Women who inspire us: International Women’s Day 2018
To celebrate International Women’s Day 2018, CHAI has dug into our blog archives and selected two incredible women whose stories we have previously featured. We are impressed by these women and what they have accomplished, and think you will be too.
Monica Otieno: Improving access to family planning
Monica grew up in rural western Kenya. She was a good student and dreamed about becoming a nurse, but her family couldn’t afford to pay tuition. Instead, in her early teens, she was married to a man named Isaiah.
Monica moved to Isaiah’s village and they had four children together: Moses, Steve, Seth and Caitlin. Monica and Isaiah worked hard as farmers to provide for their children. When Monica heard about an opportunity for primary school students in her community to win scholarships to attend secondary school, she decided to sit for her primary exams and win one of the coveted scholarships. Isaiah was stunned, but supportive.
At the age of 31, Monica bought an adult-sized school uniform – a green dress with a white collar – and reported to school with two of her sons, Moses and Steve. She faced derision and disbelief from others in her village. And, because of the limited family planning options available to her, she became pregnant twice, and feared she would have to give up on her education once again.
But Monica persevered. She earned her scholarship – and while the next several years were difficult as she balanced being a mother of five, then six, young children, with her studies – she finished school and today is a trained community health worker in her village.
Monica tried various family planning methods that proved ineffective. IUDs and contraceptive implants – which are more than 99 percent effective and last for up to five years – were too expensive to buy in large quantities so health centers were often stocked out, leaving women like Monica with limited options.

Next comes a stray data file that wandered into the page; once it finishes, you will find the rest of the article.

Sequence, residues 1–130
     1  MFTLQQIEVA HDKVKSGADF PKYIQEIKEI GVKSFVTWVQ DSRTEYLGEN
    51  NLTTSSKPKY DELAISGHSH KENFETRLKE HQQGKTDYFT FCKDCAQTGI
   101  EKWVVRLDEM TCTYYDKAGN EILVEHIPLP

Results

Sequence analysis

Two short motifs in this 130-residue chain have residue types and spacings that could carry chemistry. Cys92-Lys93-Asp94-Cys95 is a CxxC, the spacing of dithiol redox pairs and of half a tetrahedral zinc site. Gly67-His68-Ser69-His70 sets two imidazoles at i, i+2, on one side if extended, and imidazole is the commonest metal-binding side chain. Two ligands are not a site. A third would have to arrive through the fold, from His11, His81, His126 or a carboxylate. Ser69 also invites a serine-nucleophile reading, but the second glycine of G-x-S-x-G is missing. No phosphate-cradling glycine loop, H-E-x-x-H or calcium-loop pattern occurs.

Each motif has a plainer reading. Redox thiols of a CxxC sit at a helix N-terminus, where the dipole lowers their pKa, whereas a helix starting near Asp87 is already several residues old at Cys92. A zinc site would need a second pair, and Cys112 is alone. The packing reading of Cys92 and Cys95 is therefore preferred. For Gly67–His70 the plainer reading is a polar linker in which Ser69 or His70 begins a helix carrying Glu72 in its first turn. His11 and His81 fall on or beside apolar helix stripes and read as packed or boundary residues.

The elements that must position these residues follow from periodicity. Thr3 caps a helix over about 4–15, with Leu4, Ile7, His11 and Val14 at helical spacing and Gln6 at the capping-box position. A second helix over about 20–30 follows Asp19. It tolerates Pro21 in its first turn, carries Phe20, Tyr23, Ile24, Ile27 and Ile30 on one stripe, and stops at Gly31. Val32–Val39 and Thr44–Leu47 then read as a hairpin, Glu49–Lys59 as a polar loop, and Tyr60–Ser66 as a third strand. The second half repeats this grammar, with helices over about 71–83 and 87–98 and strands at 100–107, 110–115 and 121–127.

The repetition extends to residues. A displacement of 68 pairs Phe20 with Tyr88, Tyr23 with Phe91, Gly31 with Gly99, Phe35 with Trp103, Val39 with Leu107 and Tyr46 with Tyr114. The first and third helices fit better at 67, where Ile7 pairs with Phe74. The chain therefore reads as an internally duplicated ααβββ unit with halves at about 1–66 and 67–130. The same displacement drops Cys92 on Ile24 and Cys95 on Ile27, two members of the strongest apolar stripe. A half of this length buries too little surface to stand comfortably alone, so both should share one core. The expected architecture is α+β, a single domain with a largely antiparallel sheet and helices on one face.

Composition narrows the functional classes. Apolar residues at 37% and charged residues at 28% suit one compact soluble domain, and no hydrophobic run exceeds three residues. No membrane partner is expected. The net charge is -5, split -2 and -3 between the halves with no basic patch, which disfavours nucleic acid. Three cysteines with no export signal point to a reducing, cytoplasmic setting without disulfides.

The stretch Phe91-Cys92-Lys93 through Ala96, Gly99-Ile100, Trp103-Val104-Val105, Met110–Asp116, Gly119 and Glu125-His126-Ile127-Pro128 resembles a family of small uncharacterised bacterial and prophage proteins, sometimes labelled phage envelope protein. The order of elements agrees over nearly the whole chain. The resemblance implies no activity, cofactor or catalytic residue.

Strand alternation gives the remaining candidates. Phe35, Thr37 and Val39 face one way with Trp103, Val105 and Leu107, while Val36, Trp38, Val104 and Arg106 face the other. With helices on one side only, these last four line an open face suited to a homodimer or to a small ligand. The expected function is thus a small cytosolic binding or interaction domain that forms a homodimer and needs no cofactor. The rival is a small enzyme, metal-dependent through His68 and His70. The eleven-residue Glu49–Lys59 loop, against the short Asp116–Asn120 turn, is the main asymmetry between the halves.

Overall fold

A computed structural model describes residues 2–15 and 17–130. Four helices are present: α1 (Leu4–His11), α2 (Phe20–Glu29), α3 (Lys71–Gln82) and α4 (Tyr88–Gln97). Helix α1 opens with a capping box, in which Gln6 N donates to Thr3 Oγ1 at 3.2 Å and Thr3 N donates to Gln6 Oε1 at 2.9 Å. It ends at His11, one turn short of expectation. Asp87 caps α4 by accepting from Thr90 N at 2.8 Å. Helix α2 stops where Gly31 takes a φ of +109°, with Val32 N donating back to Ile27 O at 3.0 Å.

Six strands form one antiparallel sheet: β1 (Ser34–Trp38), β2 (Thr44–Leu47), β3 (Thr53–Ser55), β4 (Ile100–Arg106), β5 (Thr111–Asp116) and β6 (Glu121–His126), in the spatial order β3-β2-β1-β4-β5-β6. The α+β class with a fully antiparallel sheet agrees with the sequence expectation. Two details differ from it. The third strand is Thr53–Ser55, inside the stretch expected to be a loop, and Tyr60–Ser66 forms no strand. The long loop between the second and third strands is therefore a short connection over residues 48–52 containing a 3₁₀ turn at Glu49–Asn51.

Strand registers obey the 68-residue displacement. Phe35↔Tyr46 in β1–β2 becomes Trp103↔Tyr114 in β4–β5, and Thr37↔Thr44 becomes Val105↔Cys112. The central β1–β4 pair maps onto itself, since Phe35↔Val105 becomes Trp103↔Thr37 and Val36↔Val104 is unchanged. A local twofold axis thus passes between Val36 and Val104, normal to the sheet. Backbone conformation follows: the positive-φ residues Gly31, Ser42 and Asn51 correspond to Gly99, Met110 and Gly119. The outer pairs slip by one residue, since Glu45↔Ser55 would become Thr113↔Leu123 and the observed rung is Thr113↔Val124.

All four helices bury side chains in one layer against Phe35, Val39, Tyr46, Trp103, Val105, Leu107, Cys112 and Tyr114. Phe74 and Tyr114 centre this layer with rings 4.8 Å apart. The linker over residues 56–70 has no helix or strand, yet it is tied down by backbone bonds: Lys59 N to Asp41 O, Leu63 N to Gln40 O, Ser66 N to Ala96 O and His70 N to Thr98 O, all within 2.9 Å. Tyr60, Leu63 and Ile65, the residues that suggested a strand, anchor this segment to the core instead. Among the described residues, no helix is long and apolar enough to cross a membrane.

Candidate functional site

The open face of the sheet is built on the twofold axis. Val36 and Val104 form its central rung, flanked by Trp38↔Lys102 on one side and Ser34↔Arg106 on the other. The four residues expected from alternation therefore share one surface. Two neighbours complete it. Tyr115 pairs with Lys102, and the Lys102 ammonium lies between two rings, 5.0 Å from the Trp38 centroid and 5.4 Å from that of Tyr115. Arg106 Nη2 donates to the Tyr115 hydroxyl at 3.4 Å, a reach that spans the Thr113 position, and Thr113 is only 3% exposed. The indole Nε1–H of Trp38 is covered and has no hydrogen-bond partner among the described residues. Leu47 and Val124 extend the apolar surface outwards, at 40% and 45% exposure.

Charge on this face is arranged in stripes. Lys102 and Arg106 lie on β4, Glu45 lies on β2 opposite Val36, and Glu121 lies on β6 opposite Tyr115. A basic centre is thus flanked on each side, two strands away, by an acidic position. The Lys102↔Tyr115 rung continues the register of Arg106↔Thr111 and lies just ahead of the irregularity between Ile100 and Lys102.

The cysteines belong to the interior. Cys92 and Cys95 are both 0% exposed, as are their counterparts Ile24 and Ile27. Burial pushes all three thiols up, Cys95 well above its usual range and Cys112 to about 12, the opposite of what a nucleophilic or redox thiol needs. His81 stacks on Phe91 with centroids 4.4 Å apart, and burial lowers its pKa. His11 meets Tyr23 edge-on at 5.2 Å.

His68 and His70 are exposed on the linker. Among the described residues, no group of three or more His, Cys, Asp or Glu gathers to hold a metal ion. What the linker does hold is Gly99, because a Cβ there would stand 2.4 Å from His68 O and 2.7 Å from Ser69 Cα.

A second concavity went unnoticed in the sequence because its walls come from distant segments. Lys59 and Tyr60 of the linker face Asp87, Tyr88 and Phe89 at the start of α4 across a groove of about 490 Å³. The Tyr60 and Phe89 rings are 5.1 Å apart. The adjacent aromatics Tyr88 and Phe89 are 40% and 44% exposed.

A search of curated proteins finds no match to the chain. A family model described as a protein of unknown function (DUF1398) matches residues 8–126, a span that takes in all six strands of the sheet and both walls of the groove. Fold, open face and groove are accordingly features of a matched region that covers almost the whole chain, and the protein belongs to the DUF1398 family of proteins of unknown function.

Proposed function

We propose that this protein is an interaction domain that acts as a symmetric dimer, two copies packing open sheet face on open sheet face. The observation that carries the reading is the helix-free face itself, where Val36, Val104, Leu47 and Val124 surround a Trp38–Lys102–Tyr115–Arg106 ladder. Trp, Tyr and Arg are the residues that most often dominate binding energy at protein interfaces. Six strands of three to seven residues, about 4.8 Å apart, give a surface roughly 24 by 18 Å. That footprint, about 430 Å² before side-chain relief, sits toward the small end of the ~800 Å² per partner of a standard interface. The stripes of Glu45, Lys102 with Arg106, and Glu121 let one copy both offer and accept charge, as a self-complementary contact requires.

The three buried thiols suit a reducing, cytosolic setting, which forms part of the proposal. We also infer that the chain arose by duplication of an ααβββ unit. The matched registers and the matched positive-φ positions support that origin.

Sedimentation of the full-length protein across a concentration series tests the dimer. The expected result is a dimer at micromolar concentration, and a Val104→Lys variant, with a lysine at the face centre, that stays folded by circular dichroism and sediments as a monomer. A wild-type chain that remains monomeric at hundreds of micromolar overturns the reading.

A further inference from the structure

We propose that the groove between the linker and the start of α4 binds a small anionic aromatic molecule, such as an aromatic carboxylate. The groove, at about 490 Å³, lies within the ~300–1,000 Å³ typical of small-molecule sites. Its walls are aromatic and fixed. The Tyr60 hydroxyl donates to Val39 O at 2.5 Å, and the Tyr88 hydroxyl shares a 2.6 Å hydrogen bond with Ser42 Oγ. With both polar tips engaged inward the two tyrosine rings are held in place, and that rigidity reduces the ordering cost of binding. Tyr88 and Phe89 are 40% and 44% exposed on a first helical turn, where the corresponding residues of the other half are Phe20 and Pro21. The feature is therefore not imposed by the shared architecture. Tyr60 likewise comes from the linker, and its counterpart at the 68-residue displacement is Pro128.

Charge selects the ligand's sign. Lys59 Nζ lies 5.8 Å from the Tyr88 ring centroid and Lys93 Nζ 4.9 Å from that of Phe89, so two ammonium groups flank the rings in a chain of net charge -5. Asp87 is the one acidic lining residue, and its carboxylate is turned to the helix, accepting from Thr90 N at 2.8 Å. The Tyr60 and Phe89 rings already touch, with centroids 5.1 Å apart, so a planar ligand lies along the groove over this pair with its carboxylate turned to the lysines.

Immaculate Njoroge: A comprehensive strategy for treating childhood illnesses
Immaculate is a clinician with the Maternal and Child Health Unit at Kiambu Level 4 Hospital, an hour’s drive south of Kenya’s capital, Nairobi. She has worked there for 25 years. She has a wide and inviting smile, which is an asset in this job, when trying to comfort sick children and worried parents.
On average, she sees about 100 children each day. With each child, she pulls out her phone and accesses one of the most critical tools she has available to her: an app.
The app is a digital version of the Integrated Management of Childhood Illnesses (IMCI) guidelines. These guidelines provide a systematic approach to child health, developed and updated by the World Health Organization. IMCI equips doctors and nurses with the skills needed to screen sick children for signs of symptoms that might indicate they have a life-threatening condition that requires immediate action.
Over the past five years, Immaculate has become a champion of this system. She first received IMCI training in 2003. In 2014, she took a refresher course that CHAI facilitated, and was identified as a potential mentor. Since then, she has become a trainer herself and was part of the team that trained 615 healthcare workers in her county of Kiambu.
Physical booklets outlining the IMCI guidelines can be difficult to find in Kenya. Based on feedback from nurses, CHAI developed the mobile app of the guidelines for the Ministry of Health. Immaculate says she uses it with every case she sees. She says she can calculate doses and identify treatments without having to leave her patients. Instead, all the information she needs is right there, in her pocket.
Immaculate and her fellow clinicians can then pass that information on to their patients, both in one-on-one sessions as well as health talks, given to caregivers as they wait to receive treatment. The health talks are Immaculate’s specialty. Each morning she picks a topic and raises her voice above the noise of the waiting room, ready to share the advice and simple interventions – from handwashing tips to recognizing diarrhea danger signs – that can save a child’s life.
Diarrhea is easy to prevent and treat. Yet it is the leading killer of children in Kenya. At Immaculate’s hospital, she and her team use the IMCI strategy to triage and quickly treat the illness. Immaculate says she witnesses “miracles” happening every day thanks to this system.